Second, it is very doubtful whether the Fed should use this kind of inflation as a guide for monetary policy. Owners’ equivalent rent is an entirely nebulous concept. It is the rent homeowners would pay if they rented rather than owned their home. But since homeowners do own their homes, no economic harm is caused by rising owners’ equivalent rent.

The Longer-Term Inflation Outlook

While the Federal Reserve is waiting for more data showing actual declines in inflation, both leading indicators of inflation and macro-economic forces strongly point to lower inflation ahead.

  • First, on supply-chain issues, as we show on page 53 of our Guide to the Markets, the global vendor delivery index and indices of input and output prices have all fallen sharply in recent months.
  • Second, there are clear signs of a pullback in U.S. consumer spending. We expect this Friday’s September retail sales report to show a significant decline in ex-auto retail sales. If this transpires, it could imply less than a 0.1% monthly gain in real consumer spending over the last six months. Despite a sharp ramp up in credit card debt, the phase out of government pandemic programs have left many consumers strapped and we don’t expect any further relief in the form of fiscal stimulus between now and the 2024 presidential election.
  • Third, the sharp increase in mortgage rates and the sharp surge in the value of the dollar should act as a significant drag on demand from both the housing and trade sectors in the quarters ahead.
  • Finally, despite the market’s reaction to last Friday’s jobs report, investors need to recognize two important labor market trends. First, the labor market is gradually coming back into balance. As evidence of this, August saw a huge 1.1 million decline in job openings while the non-farm payroll gain for September, at 263,000, was the smallest increase since April 2021. Second, contrary to much market commentary on the subject, wage inflation cannot be accused of accelerating current inflation trends. The reality is that, assuming consumer prices rose 8.1% year-over-year in September, the 5.0% increase in wages over the same period can only be said to be slowing the decline in inflation rather than speeding it up.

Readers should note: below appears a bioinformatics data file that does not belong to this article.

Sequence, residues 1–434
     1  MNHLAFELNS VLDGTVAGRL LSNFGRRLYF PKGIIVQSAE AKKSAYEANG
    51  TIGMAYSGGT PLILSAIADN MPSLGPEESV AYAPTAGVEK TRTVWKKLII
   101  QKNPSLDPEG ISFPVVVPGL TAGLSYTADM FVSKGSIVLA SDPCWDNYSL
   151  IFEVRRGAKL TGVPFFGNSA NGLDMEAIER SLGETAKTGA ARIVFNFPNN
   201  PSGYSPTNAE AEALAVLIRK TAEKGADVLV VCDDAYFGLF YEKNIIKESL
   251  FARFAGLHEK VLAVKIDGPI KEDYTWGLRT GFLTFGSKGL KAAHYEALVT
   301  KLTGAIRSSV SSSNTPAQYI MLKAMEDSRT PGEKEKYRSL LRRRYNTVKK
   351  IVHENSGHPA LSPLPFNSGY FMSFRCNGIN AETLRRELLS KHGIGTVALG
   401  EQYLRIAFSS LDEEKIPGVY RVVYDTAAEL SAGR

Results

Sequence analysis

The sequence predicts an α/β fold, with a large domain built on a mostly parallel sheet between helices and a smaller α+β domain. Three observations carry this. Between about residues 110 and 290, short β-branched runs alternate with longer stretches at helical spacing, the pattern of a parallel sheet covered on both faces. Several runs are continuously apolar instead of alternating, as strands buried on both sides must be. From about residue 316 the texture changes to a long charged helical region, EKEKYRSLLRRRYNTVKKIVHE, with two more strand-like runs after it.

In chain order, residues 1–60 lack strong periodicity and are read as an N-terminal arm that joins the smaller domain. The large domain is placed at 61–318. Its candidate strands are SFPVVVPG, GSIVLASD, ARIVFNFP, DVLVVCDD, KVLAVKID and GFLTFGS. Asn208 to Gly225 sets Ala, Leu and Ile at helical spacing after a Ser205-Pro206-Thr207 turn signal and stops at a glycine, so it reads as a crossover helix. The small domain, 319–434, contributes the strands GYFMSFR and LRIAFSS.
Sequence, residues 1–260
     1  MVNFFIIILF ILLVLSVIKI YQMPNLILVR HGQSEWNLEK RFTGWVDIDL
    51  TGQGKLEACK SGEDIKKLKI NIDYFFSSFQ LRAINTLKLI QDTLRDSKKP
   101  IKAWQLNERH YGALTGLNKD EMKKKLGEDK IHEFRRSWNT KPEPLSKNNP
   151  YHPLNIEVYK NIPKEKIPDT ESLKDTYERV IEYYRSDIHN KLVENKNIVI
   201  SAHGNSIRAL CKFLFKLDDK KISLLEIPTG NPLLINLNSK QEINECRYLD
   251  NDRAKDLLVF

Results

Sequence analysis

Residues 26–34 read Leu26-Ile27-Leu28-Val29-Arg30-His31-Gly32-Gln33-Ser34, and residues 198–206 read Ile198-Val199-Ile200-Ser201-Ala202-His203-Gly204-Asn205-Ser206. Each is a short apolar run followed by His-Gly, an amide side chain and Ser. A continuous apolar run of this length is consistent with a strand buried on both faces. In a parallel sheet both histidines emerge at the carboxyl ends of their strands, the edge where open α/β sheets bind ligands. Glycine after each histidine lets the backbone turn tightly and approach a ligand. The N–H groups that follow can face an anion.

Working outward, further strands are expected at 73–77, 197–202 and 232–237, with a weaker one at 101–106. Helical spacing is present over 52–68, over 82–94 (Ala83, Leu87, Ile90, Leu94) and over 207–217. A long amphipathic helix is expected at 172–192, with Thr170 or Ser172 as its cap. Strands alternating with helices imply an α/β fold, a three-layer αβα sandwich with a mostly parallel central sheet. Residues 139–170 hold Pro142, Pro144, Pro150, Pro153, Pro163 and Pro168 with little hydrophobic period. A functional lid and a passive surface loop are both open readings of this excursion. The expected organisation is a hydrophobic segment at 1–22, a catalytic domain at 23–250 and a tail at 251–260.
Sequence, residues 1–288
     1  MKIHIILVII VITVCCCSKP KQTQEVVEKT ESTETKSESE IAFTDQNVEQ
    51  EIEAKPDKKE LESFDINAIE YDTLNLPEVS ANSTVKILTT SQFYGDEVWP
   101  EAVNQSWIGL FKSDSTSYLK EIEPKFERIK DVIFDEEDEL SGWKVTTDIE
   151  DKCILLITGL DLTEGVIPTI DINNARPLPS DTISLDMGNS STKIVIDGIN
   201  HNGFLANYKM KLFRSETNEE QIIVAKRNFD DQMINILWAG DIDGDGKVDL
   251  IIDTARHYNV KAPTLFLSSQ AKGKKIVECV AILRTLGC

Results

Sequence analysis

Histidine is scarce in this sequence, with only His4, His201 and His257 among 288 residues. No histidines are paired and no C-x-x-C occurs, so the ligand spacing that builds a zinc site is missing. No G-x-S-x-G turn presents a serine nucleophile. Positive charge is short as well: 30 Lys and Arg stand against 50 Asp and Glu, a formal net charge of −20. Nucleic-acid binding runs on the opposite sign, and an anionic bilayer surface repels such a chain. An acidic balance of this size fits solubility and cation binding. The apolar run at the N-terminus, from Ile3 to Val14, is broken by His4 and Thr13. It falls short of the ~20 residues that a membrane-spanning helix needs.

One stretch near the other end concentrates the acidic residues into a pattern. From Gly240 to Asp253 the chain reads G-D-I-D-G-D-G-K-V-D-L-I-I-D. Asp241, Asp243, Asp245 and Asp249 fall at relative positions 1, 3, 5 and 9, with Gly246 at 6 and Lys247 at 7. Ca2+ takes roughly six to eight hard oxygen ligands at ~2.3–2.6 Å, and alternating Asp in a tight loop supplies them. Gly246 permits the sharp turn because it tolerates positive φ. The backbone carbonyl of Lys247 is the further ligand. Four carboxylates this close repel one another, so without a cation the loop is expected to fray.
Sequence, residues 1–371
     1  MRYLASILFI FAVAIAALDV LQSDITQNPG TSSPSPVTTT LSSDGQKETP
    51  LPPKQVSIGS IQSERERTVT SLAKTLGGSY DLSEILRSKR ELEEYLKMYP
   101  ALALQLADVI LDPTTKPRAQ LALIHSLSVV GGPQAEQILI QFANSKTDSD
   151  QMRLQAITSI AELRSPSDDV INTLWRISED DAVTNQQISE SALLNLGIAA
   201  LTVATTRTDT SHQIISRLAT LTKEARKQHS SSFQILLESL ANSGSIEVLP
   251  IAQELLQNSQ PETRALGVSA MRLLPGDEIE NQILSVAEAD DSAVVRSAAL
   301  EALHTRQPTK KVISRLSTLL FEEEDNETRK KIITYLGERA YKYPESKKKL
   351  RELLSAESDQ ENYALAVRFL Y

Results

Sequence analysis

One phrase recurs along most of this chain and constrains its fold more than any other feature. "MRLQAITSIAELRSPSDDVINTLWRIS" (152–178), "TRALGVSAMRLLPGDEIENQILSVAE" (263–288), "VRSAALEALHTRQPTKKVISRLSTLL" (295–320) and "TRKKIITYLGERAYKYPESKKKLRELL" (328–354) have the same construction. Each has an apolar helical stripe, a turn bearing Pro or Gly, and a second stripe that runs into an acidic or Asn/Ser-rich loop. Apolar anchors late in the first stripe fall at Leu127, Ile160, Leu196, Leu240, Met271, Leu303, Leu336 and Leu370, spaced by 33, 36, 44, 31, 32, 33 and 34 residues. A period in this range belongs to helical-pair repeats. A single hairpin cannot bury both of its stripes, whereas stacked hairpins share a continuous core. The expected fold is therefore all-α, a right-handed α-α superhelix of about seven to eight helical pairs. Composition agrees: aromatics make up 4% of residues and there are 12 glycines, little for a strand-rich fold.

Taking all of this into account, we expect year-over-year headline consumption deflator inflation of 5.4%, 2.7% and 2.6% in the fourth quarters of 2022, 2023 and 2024 respectively – not significantly different from the Fed’s forecasts of 5.4%, 2.8% and 2.3% over the same periods.

Investment Implications

The strange thing about this forecast is that it isn’t particularly controversial. While some feel a sharp increase in the unemployment rate will be necessary to quickly reduce inflation to 2%, a balanced look at both current economic data and future trends suggests that it is headed in

that general direction with or without even more aggressive Fed action or a recession. For the Federal Reserve, it will be important at their November meeting to acknowledge progress on the road to lower inflation and to begin to signal at least a slower pace of tightening. For investors, it’s important to recognize that the real question is not whether inflation is falling but the slope of the slide. Across a range of these possible slopes, there should plenty of opportunities for those investing in financial markets today, particularly given the sharp selloff across stocks and bonds triggered by fears of a worse inflation outcome and a more hawkish Fed than is likely to prevail in the coming years.



[1] See “Rent Inflation Expected to Accelerate Then Moderate in Mid-2023” Xiaoqing Zhou and Jim Dolmas, Federal Reserve Bank of Dallas, August 2022.